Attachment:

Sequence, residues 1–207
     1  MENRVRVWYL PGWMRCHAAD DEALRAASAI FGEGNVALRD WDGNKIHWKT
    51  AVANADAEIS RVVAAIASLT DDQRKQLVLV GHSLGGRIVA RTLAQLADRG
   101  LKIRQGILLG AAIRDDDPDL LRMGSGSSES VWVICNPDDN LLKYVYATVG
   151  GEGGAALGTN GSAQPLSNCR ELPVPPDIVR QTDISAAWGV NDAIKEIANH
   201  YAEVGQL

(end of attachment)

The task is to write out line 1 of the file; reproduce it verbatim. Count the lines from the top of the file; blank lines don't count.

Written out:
Sequence, residues 1–207